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The Yanyuwa have a detailed knowledge of their climate. This includes an acute understanding of both micro and macro scale variations. The most striking feature of the region's tropical climate is the intensely seasonal variation. Photos 1 and 2 taken of the same area in the "wet" and "dry" illustrate this seasonal contrast. Summaries of temperature and rainfall statistics for the Borroloola region are given in figure 1. As the graphs in this figure indicate, the contrast between the dry season and the wet season is stark but it is a Eurocentric view to consider that there are only two seasons in Northern Australia. As the Yanyuwa five season calendar (figure 2) indicates, the climatic pattern is much more complex than this. Other researchers working in northern Australia have recorded the complexity of Aboriginal recognised seasons. Thomson (1949a:16) notes a six season system from his work in eastern Arnhem Land. Chase (1980:156) also records six recognised seasons from his Cape York fieldwork and Anderson (1984:96-97) records 5 seasons from another part of Cape York.

Figure 1: Temperature and rainfall figures for the Borroloola region.
(Click on figure for enlarged view).

Figure 2: Yanuwa concepts of seasons. (Click on figure for enlarged view).

 

 

Photo 1: "Dry"
Photo 2: "Wet"

Notes: The months listed are only an approximate guide to when events start and finish. The exact date of onset of seasons is variable. It is the sequence and not the date of their occurrence that is recorded in Yanyuwa knowledge of the seasons (and plant and food resources see figures 4 and 5).

In the Yanyuwa calendar ngardaru is the hot weather time of August and September. During ngardaru grasses die back, waterholes often dry out and dust storms (kurumbirribirri) are often whipped up by strong hot winds (yunduyduwarra). Na-yinarramba is the hot humid weather of November and December. This is a period of extreme human discomfort as temperatures regularly top 40 degrees C. and accompanying high humidity make any strenuous activity difficult. There is little relief at night time as the temperature rarely falls below 25 degrees C. and the humidity persists. During this period there are often intense rainless electrical storms. In areas in the region that have not been managed by Aboriginal burning, lightning strikes during such storms often start large bush fires. A startling local meteorological feature that occurs at this time of year along the coast are the rolling clouds known as "morning glories". This feature plays a role in Yanyuwa mythology songs. The cloud is also used as an indicator that flying foxes and certain bird species are about to commence their seasonal migrations.

The first storms of the wet season provide an enormous relief to the hot humid conditions. Spirits are lifted and tensions relaxed as rain finally falls after what is often a period of six to eight rainless months. The Yanyuwa sub-divide the wet season into wunthurru (early storm period) and lhabayi (wet season proper). Lhabayi is a period of heavy rainfall but it usually falls less violently than the rain of wunthurru. An unpredictable variable in the wet season are cyclones (warlungarnarra) that can occur any time between November and May. (Figure 2 shows them occurring in the area in March as this is a common month for cyclones). Late in the wet season there are also usually burrumanamala (knock him down) winds. These are windy rain storms which often flatten the high (often two metres and over) grass that has rapidly grown during the wet season.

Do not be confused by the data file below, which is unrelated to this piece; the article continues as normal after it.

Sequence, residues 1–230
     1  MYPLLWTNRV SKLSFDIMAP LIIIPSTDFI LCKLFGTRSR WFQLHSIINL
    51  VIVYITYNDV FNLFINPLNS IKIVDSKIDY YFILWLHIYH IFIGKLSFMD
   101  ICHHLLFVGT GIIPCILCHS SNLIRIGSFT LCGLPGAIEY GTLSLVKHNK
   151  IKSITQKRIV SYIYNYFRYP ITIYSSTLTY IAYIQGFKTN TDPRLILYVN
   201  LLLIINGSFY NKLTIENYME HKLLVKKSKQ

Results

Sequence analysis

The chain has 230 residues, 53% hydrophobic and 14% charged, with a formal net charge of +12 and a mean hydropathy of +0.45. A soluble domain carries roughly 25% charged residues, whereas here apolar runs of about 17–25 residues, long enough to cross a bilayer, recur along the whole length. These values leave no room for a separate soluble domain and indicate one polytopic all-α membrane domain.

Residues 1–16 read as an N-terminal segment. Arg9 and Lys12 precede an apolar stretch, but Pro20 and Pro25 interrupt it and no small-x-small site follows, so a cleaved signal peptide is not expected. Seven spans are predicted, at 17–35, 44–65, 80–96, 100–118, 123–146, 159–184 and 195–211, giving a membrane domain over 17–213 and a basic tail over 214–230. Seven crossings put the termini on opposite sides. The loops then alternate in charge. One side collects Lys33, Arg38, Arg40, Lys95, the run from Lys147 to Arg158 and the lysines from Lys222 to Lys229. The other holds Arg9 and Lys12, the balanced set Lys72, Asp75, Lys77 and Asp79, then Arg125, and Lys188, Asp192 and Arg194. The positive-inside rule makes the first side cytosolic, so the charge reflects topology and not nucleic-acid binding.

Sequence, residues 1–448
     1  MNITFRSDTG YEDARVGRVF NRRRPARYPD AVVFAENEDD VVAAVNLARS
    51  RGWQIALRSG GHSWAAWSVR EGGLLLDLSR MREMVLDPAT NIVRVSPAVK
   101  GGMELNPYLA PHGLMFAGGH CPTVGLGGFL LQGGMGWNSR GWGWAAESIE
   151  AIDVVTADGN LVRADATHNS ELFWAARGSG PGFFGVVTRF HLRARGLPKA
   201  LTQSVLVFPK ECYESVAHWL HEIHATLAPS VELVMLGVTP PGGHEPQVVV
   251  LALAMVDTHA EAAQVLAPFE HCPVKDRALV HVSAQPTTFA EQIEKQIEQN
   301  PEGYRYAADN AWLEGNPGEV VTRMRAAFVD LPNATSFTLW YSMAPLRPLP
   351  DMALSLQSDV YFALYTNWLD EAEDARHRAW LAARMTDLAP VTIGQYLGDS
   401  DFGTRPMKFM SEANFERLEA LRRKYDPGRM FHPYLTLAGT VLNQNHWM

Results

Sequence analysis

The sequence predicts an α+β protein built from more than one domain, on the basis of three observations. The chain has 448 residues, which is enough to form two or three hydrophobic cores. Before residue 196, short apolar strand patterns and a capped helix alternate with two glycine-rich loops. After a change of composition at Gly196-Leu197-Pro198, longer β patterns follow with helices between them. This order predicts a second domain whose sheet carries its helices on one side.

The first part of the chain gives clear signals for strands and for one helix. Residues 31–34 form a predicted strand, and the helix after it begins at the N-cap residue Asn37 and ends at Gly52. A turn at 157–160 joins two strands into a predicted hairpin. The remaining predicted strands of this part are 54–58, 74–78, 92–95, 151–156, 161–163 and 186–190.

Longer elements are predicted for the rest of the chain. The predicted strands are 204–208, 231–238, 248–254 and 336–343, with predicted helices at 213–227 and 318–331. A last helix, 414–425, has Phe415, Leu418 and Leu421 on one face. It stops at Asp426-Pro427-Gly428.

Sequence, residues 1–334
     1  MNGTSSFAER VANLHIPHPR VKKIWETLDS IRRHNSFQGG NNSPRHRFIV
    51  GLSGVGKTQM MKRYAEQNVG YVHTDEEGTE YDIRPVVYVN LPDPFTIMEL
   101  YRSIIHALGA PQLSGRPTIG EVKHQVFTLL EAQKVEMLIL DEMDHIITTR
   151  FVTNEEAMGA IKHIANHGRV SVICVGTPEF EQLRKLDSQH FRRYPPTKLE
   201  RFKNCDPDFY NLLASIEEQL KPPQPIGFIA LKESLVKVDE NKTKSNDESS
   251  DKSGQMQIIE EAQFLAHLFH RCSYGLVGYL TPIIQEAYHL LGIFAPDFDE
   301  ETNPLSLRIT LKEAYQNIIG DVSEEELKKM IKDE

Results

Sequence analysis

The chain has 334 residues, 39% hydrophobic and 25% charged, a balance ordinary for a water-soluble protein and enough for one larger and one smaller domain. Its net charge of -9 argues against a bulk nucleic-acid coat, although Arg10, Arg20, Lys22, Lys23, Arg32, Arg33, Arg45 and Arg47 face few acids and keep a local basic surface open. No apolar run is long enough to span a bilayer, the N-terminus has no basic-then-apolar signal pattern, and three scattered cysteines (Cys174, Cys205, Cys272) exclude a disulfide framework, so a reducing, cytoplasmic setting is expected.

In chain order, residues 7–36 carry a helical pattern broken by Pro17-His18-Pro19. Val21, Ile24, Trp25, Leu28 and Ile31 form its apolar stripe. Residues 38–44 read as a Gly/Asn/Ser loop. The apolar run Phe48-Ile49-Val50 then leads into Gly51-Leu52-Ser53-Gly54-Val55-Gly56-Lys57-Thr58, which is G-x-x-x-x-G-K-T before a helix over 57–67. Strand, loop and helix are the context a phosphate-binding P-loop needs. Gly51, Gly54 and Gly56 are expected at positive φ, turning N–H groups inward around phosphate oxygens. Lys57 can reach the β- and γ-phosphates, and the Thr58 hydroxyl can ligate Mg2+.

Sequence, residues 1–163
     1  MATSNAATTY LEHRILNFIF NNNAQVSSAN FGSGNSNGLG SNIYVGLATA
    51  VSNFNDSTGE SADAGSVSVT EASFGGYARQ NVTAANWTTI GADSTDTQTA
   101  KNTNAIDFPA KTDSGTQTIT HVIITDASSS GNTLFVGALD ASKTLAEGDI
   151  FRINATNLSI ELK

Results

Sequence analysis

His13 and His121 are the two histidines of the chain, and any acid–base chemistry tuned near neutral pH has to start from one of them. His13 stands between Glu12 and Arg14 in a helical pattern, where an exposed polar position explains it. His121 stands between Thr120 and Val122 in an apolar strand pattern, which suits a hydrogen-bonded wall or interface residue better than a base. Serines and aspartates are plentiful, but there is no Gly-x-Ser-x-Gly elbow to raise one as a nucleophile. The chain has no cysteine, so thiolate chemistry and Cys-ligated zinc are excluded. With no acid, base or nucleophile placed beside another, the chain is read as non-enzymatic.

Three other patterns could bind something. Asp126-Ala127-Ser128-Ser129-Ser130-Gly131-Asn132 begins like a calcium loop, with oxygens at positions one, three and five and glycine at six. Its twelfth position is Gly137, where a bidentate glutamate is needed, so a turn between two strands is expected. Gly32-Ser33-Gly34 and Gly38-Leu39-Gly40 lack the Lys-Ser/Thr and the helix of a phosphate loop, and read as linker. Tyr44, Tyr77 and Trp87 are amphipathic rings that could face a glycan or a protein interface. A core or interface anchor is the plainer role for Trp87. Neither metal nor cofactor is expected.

Rra-mardu corresponds to the European recognised dry season. This is a long pleasant period with sunny generally cloudless days and cool evenings. During rra-mardu heavy fogs (rra-wuna) often occur. The understandings the Yanyuwa have of these fogs are a good example of micro-climate knowledge. The Yanyuwa can predict with great accuracy the pattern of how these fogs are thicker and more common the closer one moves towards the coast. The fogs produce very heavy dews that make sleeping out in the open most unpleasant and wet. As a result this is a period of numerous colds, coughs and often influenza. The fogs are considered to have dangerous properties capable of causing the death of old people. Such fogs, however, tend to last only a few weeks and for the rest of rra-mardu conditions are pleasant and this is the time when large energy-draining ceremonies were held. European behaviour in the area has also been very season specific. For example, the recent tourist boom in the area) is concentrated in the pleasant months of rra-mardu. As Bella Marrajabu notes (1987 Tape 60A 9 min.)[1] "when storm come now they all [go] back to their country''.

 

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Footnote

[1] This and all subsequent quotes from Yanyuwa people are from tapes I made which are now lodged with the Australian Institute of Aboriginal and Torres Strait Islander Studies. In Baker 1989b I discuss the methods used first to collect this material and secondly to transcribe it so that the location to the nearest minute on the tape is known.